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Infinite dimensional vector spaces without basis?

  1. Oct 20, 2012 #1
    According to my professor, there exist infinite dimensional vector spaces without a basis, and he asked us to find one. But isn't this impossible? The definition of a dimension is the number of elements in the basis of the vector space. So if the space is infinite-dimensional, then the basis of that space has an infinite amount of elements..

    the only vector space I can think of without a basis is the zero vector...but this is not infinite dimensional..
  2. jcsd
  3. Oct 20, 2012 #2


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    Err, the statement "every vector space has a basis" is equivalent to the axiom of choice.
  4. Oct 21, 2012 #3

    Stephen Tashi

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    It's not impossible if your course materials say that every element in a vector space with a basis must be representable as a finite linear combination of the basis vectors or define the concept of "linear combination" as a finite sum. A basis for a vector space is usually defined that way. You'll have to read the fine print in how your materials define a vector space. It may be that "infinite dimensional" merely means "not finite dimensional" instead of implying that there is an infinite basis.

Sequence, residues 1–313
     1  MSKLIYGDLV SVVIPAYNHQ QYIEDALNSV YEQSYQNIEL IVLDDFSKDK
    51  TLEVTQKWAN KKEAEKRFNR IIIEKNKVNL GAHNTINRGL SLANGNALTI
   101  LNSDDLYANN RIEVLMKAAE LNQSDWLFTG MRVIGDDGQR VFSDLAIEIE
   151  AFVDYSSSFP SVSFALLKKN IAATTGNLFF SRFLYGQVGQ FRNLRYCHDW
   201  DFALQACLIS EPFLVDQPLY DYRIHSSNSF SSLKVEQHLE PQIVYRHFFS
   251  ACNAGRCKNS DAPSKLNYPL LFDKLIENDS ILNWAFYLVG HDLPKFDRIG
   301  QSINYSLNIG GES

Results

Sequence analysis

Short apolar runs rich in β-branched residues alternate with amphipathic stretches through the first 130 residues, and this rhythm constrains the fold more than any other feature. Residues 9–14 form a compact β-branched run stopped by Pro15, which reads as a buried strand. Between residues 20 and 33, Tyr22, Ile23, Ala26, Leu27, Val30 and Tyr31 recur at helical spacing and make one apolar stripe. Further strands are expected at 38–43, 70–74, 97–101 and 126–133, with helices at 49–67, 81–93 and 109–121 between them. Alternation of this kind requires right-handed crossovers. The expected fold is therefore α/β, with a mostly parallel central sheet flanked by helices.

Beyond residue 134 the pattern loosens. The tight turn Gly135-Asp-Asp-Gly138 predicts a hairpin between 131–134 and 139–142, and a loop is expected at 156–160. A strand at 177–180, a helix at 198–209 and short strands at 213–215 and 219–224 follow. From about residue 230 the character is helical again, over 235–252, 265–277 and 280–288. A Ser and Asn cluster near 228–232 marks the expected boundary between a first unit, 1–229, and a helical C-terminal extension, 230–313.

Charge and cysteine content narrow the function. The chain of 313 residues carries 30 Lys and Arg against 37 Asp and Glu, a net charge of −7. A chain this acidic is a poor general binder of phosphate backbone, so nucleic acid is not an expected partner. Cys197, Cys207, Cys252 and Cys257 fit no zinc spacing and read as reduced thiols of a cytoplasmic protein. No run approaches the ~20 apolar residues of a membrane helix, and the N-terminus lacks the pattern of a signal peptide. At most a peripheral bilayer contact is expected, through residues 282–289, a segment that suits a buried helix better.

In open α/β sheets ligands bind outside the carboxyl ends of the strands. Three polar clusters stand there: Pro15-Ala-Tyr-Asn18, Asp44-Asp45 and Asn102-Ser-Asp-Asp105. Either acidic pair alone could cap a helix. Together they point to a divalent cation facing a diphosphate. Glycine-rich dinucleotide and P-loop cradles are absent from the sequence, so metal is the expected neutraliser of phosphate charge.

There are various modified definitions of a basis that are applicable to infinite dimensional vector space. See the "related notions" section of the Wikipedia article http://en.wikipedia.org/wiki/Basis_(linear_algebra).
    Last edited: Oct 21, 2012
  5. Oct 21, 2012 #4


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    As the two guys before me said, with the standard definitions, every vector space has a basis (assuming that we're working within the branch of mathematics defined by ZFC set theory).

    Someone else asked about how to prove that every vector space has a basis a couple of weeks ago. This is what I said to him:
  6. Oct 22, 2012 #5


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    we are saying the statement you ascribe to your professor is false in the presence if the usual axiom of choice, so you should verify what he said with him.

    and it is easy to define an infinite dimensional space as one with no finite basis, without allowing a basis for the big one, and also the basis of {0} is the (finite) empty set.
  7. Oct 23, 2012 #6
    Perhaps he meant you to find a space without a countable basis.
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